The Buffalo News
Date: Wednesday, February 27, 2002
By: By BRUCE ADAMS – News Contributing Reviewer
Alan E. Cober: A Retrospective Afterlife
Illustrations by the late illustrator and long-time visiting artist at the University at Buffalo.
University at Buffalo Art Gallery, Center for the Arts, UB North Campus, Amherst. Through May 18.
Among the many works currently on display in the University at Buffalo Art Gallery by the late renowned illustrator Alan E. Cober are several detailed ink drawings based on stories by the Austrian author Franz Kafka. They embody an appropriately enigmatic mix of the ordinary and fantastic – a man transforms into an insect; eggs and coffee float languidly around a room; a penal colony officer submits to horrendous mutilations from his own torture device.
Like most of the drawings, engravings and sculptures in “Alan E. Cober: A Retrospective Afterlife,” these darkly humorous hallucinogenic visions can only be described as, well, Kafkaesque. And like Kafka, Cober returns throughout his career to familiar motifs and themes, incorporating into his art all manner of skulls, limbs, menacing machines, pig snouts and medieval demons. His fascination with mental and physical decay, compassion for social issues, and penchant for biological permutations form the thread that runs throughout his prolific career, including time spent in Buffalo.
Cober became a visiting professor in the UB Art Department in 1987, drawing national recognition to the illustration program with his innovative teaching approach and distinguished reputation. His award-winning work appeared prominently in publications including Time, Newsweek and the New York Times, in addition to numerous books. He is often described as an innovator for infusing illustration with modernist sensibilities. His intense linear detail, skewed figures and unsentimental approach are reminiscent of German expressionists such as Otto Dix and George Grosz.
Cober’s early illustrations were straight text depictions rendered in a jaunty linear style characteristic of the period, but by the 1970s his work began to assume an edgy quality in form and content. An ink and watercolor series titled “Assignation of Martin Luther King Jr.” is disturbing not only for its unflinching treatment of the subject, but also because of its chilling “you are there” perspective.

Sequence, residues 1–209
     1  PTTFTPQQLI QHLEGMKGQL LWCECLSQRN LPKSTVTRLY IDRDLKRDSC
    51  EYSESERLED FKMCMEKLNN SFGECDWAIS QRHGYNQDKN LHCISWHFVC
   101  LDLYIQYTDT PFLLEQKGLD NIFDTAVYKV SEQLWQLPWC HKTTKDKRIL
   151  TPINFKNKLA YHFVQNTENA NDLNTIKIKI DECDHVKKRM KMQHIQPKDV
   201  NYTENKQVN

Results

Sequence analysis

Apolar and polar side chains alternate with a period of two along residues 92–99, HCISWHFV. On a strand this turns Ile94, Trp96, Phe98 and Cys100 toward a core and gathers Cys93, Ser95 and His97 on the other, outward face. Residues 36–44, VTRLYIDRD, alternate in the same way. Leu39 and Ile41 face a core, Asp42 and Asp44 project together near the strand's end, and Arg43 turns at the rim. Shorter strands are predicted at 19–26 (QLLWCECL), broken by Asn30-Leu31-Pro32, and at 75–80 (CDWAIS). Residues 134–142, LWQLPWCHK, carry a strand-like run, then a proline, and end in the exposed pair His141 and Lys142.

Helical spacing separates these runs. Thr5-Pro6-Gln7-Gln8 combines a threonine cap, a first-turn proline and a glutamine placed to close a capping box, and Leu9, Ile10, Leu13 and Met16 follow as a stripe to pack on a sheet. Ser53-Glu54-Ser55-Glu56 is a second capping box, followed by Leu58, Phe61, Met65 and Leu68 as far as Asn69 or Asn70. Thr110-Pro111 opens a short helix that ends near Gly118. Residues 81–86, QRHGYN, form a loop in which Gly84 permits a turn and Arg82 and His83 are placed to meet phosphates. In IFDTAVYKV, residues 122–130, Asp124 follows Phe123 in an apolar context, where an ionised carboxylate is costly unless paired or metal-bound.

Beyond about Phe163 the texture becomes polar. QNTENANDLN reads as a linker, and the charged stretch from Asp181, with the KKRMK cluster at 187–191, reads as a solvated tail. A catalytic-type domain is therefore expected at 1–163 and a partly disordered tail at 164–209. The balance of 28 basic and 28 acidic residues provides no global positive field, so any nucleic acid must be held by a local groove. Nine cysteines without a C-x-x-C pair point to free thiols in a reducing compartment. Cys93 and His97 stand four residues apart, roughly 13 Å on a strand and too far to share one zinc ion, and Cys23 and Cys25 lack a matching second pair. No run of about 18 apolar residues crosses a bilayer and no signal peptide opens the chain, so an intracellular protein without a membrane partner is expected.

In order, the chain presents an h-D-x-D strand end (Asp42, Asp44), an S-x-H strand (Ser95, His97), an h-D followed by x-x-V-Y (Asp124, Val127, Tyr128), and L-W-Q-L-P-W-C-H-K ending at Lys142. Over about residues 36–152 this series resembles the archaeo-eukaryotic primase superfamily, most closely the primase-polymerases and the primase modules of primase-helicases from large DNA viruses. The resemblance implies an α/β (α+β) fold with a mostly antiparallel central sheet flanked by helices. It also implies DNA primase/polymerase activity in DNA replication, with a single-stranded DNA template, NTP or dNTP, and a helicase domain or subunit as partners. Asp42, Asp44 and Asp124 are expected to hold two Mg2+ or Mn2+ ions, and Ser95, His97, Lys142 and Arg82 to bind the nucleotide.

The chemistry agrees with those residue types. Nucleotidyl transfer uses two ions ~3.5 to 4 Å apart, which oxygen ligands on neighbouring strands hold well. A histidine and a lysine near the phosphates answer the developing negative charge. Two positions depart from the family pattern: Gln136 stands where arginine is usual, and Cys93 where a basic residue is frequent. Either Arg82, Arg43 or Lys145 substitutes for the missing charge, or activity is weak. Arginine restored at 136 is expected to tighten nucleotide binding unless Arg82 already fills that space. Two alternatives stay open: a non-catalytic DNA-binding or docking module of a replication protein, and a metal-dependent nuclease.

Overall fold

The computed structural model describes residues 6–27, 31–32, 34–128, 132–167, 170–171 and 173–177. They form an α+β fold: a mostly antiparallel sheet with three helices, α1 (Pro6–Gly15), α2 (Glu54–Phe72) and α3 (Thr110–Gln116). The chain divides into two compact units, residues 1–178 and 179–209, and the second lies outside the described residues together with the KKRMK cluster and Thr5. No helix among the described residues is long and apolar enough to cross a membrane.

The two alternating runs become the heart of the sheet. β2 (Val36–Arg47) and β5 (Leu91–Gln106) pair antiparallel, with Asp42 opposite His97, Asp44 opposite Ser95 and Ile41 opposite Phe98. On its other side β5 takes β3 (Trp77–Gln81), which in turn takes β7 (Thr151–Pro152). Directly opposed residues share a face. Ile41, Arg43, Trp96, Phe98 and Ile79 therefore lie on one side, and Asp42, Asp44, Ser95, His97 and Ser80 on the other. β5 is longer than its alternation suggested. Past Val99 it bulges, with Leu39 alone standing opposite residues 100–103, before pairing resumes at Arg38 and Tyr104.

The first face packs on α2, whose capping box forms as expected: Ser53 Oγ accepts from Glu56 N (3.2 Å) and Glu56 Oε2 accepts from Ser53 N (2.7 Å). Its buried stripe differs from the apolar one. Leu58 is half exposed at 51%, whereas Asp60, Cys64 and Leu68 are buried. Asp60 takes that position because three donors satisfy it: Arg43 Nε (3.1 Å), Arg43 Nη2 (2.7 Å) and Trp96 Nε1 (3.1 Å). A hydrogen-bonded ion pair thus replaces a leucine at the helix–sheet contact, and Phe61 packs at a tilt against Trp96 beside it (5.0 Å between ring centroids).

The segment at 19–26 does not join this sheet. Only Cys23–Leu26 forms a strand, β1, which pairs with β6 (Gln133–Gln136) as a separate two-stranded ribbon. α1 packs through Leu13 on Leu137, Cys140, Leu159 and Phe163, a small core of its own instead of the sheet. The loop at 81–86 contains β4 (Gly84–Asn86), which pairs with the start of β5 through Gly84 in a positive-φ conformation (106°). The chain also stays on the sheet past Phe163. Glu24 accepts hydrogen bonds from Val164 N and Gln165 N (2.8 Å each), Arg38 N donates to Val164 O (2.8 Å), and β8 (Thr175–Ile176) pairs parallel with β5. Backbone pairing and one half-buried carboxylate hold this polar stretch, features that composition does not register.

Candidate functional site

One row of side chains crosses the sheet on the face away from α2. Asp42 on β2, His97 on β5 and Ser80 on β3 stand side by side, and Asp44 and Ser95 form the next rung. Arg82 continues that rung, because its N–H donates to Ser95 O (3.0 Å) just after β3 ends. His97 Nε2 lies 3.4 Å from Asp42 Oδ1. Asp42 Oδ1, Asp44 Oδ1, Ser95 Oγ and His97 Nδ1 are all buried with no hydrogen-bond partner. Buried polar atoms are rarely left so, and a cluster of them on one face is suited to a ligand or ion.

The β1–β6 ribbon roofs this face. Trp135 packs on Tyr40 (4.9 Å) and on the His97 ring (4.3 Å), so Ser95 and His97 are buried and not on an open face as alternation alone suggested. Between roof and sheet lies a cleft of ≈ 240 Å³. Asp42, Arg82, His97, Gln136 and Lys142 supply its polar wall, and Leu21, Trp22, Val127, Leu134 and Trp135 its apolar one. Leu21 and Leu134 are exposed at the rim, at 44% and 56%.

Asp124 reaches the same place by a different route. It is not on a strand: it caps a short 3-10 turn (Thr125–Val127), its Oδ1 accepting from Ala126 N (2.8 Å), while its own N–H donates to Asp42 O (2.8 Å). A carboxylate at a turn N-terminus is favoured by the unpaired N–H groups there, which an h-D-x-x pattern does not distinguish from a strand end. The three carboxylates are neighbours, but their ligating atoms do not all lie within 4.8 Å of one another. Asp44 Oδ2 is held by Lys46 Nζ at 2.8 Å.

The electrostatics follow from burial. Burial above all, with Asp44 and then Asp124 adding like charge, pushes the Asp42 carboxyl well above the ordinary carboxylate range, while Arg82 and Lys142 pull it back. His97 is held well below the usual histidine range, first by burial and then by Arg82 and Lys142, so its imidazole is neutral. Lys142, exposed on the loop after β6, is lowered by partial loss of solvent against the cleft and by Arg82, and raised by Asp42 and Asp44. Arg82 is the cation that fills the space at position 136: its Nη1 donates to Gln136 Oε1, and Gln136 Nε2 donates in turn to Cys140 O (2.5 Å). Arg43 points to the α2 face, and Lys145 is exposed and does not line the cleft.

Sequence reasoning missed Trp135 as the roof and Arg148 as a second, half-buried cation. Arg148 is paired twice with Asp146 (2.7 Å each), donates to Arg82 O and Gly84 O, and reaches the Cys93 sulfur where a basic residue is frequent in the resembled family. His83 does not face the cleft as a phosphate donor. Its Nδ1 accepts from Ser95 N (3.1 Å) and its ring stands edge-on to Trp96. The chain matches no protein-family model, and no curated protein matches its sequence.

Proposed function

One example, titled “From King’s Point Of View,” has the observer looking over the slain civil rights leader’s shoulder toward the assailant at the moment of impact. So dramatic is this compositional device that it nearly prompts the viewer to flinch.
In a show that mixes illustration with fine art, the distinction is frequently clear. “Mike Milken I, II, III,” for instance, depicts the junk bond king as a money junkie inserting cash into his slotted arm until currency volcanically erupts from his head. Despite the self-contained wit, the illustration cries out for text. Conversely, Cober’s fine art stands on its own, even as it functions as illustrations for his own life.
This sense of self-revelation is reinforced by the exhibition’s thematic arrangement, which underscores contextual relationships between works. One poignant example involves “The Boys I-V,” five ceramic figurines similar to calacas used in celebrating the Mexican holiday Days of the Dead. The skeletal-like dolls incorporate milagros – healing charms – as prosthetic limbs.
Nearby is an ink and watercolor self-portrait completed near the end of Cober’s life. He wears a shirt patterned with images from his art, and paints one of the figurines as he stares earnestly at the viewer through withered features. The look says, “This is who I am.”
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